The long night queuing

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By Martin Gregory

Walking out of Whaddon Road after a tedious end of season game at Cheltenham, the last thing we wanted was more stress. However, that emotion was realised when, on the coach home, news broke that second leg play off tickets would go on sale on the Thursday straight after the first leg.

Rightly so, the club decided they would review this situation and took a logical decision to sell them early on a Saturday morning instead – when 90% of supporters who wanted to go had a chance of getting one. This still did not appease some people, with various supporters groups not being prioritised for tickets. In my opinion, one group at least should have received tickets, due to years of serving the club well (quite a bit of their money went into the club).

I, like many a fan, had the idea of queuing up overnight for a ticket. But with the way things went during the first leg at Valley Parade – City 3-1 down at one stage – I received texts from others saying ‘why bother?’ Reminiscing about Blackpool back in 1996, I was determined to still be at Burton. So I was ready to camp out at Valley Parade.

All week I worried, would I get a place in the queue early? Would I, along with hundreds more, have a chance of a gold ticket? I spent most of Thursday and Friday trawling the net – from Claret and Banter to WOAP – checking what other supporter’s plans were. Some were going down after Bulls game. I was not taking any chances. Leaving work at 5pm, I decided to go straight to Valley Parade and join the queue, along with other hardy souls.

I ventured down knowing a few people had been there since lunchtime (which is an unbelievable direct passion to the club) and found a party atmosphere. Deckchairs were out, crates of beer flowing and plenty of food and banter going round. I took my place as number 20 in the queue, pitched up my chair and made myself at home outside turnstile N2. Minutes later, a few more joined next to me and I lent them a spare chair. So the rapport began.

The lads I met were brilliant in the queue, watching your things if you needed to disappear for two and generally keep morale up. Two lads brought portable barbecues and people stocked up at Tesco Express. It was surreal, because the next time I checked my phone it was 9pm and the time was flying by. The queue started to grow around the back of the stand and more people were getting in the party spirit – some even playing music from their car (although the music choice was not right cracking – One Direction, for god’s sake!) Even before the stewards came, there was no trouble. Lenny the City Gent was doing a good job at organising and taking approx ticket numbers down.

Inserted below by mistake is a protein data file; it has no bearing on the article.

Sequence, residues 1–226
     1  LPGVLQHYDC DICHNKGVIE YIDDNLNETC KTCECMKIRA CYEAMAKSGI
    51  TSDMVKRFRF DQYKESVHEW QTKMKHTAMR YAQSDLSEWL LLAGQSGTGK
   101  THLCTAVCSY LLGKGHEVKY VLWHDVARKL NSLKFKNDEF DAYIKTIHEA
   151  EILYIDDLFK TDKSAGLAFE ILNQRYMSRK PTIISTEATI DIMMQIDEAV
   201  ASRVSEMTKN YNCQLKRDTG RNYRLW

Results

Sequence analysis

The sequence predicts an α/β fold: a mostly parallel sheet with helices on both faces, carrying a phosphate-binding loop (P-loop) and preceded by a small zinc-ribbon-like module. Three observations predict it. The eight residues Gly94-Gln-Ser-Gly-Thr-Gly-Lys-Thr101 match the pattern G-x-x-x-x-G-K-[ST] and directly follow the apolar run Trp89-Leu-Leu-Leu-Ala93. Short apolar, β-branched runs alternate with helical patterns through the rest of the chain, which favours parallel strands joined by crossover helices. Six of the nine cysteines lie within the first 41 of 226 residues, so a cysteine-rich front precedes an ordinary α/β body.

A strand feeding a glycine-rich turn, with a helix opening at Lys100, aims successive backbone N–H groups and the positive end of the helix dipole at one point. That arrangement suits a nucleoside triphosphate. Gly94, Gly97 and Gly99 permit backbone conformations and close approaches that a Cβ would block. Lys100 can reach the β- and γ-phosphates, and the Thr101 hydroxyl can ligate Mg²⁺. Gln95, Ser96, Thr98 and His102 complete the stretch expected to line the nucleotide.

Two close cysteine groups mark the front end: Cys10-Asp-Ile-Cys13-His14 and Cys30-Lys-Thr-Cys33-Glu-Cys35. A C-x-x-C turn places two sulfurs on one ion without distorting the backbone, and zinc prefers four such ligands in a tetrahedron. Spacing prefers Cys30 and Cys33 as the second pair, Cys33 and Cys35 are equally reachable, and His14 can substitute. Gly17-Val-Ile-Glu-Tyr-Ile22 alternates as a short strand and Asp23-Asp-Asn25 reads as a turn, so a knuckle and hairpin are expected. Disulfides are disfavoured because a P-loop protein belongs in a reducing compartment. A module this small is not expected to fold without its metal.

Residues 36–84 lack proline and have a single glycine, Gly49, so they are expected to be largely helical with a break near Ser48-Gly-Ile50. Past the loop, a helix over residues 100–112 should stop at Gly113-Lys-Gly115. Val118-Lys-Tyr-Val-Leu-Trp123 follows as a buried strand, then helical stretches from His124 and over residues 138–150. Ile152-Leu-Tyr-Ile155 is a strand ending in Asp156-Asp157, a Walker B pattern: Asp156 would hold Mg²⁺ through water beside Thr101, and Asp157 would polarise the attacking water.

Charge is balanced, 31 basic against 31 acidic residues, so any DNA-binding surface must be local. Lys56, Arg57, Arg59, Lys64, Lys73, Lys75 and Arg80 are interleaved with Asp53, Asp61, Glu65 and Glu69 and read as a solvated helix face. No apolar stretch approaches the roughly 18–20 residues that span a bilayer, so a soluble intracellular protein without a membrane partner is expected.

At around 1am we were led through the gate into the Main Stand, where each of us were allocated a raffle number for our place in the queue. Once inside we were on a game of musical chairs – making space in our segregation pens for more people to enter. People were singing songs about the players, everyone was in good spirits.

Around 2am is when morale started to drop. The night was taking its toll. I couldn’t sleep, and many others couldn’t. Although we kept occupied by knocking a ball around, looking out onto the pitch or talking up our chances for Sunday, we kept checking the minutes which seemed to drag by.

Around 7.30am, commotion. Stewards started to enter and exit through the ticket office gate, when there was a clamour of people starting to form queues. A steward then announced on a megaphone that ticket holders 1-20 should wait in sequence, whilst our season ticket/flexi-cards were checked, and then we would be led up the stairs to the ticket office. We had to wait another half an hour, but once we were led up it’s hard to describe how it felt to finally buy and hold the tickets.

On the way back up to my car – deckchair, tickets and bag in tow – I was approached to sell my tickets. That’s how desperate people were. I was shocked to find that tickets did not sell out until lunchtime.

Looking back now and, despite not really needing to wait 15 hours in the cold for a ticket, it really was worth it. Although still tired on Sunday, it was one of the greatest days of my life and I will never forget the atmosphere and the buzz. Now it’s back to our second home of Wembley, and I believe that this time we can see it through.

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Categories: The 2012/13 play offs

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